Characterization of Functional Domains in NME1L Regulation of NF-κB Signaling

  • You, Dong-Joo (Graduate School of Medicine, Korea University) ;
  • Park, Cho Rong (Graduate School of Medicine, Korea University) ;
  • Mander, Sunam (Graduate School of Medicine, Korea University) ;
  • Ahn, Curie (Transplantation Research Institute, Cancer Research Institute, Seoul National University) ;
  • Seong, Jae Young (Graduate School of Medicine, Korea University) ;
  • Hwang, Jong-Ik (Graduate School of Medicine, Korea University)
  • Received : 2015.11.25
  • Accepted : 2016.02.29
  • Published : 2016.05.31


NME1 is a well-known metastasis suppressor which has been reported to be downregulated in some highly aggressive cancer cells. Although most studies have focused on NME1, the NME1 gene also encodes the protein (NME1L) containing N-terminal 25 extra amino acids by alternative splicing. According to previous studies, NME1L has potent anti-metastatic activity, in comparison with NME1, by interacting with $IKK{\beta}$ and regulating its activity. In the present study, we tried to define the role of the N-terminal 25 amino acids of NME1L in $NF-{\kappa}B$ activation signaling. Unfortunately, the sequence itself did not interact with $IKK{\beta}$, suggesting that it may be not enough to constitute the functional structure. Further construction of NME1L fragments and biochemical analysis revealed that N-terminal 84 residues constitute minimal structure for homodimerization, $IKK{\beta}$ interaction and regulation of $NF-{\kappa}B$ signaling. The inhibitory effect of the fragment on cancer cell migration and $NF-{\kappa}B$-stimulated gene expression was equivalent to that of whole NME1L. The data suggest that the N-terminal 84 residues may be a core region for the anti-metastatic activity of NME1L. Based on this result, further structural analysis of the binding between NME1L and $IKK{\beta}$ may help in understanding the anti-metastatic activity of NME1L and provide direction to NME1L and $IKK{\beta}$-related anti-cancer drug design.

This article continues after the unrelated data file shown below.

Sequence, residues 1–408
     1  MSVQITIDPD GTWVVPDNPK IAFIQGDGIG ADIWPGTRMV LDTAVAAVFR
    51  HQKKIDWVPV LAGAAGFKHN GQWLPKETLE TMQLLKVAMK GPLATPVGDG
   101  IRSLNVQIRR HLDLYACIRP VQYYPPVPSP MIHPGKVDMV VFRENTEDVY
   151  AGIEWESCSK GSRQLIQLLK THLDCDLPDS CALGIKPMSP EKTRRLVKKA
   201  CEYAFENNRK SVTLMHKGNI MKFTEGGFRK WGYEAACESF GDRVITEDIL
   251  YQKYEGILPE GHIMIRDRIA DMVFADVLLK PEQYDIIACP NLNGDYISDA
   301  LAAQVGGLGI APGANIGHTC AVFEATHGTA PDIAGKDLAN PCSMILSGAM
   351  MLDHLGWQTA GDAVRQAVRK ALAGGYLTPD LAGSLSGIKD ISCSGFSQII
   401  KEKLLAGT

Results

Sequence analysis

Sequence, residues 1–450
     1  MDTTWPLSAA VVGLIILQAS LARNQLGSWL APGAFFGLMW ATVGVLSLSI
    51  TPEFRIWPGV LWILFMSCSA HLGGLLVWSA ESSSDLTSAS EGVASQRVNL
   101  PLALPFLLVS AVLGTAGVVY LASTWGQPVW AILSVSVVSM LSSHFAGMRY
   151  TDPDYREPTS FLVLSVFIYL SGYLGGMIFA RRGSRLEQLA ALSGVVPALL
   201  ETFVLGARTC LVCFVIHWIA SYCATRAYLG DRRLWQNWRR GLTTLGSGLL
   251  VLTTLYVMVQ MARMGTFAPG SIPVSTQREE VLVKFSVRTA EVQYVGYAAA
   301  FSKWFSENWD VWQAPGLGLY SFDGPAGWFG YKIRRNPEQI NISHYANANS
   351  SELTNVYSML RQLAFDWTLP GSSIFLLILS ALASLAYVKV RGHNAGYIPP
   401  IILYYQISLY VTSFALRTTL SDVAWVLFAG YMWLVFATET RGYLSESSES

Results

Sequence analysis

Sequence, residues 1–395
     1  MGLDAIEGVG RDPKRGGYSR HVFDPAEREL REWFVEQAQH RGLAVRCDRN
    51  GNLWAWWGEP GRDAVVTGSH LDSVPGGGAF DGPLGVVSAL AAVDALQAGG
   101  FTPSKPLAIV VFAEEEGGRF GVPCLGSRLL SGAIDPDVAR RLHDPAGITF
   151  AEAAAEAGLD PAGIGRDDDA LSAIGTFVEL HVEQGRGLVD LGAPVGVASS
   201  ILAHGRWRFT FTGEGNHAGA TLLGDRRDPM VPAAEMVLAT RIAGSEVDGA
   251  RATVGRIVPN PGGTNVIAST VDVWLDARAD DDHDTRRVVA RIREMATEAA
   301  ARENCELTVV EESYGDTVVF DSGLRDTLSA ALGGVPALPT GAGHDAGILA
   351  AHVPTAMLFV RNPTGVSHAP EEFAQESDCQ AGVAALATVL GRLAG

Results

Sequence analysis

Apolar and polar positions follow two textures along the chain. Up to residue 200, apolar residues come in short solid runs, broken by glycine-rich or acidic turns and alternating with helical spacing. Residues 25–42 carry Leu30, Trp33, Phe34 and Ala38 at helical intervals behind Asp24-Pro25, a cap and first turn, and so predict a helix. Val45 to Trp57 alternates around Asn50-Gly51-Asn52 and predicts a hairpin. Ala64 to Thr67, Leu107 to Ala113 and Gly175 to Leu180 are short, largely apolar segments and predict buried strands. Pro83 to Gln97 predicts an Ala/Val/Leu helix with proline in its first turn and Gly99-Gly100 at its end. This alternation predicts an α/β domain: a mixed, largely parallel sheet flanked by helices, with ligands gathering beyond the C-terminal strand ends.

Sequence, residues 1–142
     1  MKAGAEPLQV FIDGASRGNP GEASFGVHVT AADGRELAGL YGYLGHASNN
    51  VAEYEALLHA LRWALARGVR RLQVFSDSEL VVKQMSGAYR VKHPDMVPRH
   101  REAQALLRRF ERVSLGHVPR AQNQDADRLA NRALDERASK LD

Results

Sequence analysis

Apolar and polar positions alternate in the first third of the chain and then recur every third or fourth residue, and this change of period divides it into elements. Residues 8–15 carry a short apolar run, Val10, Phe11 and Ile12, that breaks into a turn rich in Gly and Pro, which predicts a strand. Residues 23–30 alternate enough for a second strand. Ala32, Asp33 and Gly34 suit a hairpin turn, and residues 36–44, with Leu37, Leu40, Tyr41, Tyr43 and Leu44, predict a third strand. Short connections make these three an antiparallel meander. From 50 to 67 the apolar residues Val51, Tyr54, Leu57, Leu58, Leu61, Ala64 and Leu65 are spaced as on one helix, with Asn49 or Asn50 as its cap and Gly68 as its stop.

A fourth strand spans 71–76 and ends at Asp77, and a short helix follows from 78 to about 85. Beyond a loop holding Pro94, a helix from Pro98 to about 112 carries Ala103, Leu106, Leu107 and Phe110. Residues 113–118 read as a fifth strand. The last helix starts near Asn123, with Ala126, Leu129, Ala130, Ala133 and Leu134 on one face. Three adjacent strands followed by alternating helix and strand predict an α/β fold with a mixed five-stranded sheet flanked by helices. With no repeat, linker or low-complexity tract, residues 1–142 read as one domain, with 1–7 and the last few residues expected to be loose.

Supported by : Korea Research Foundation


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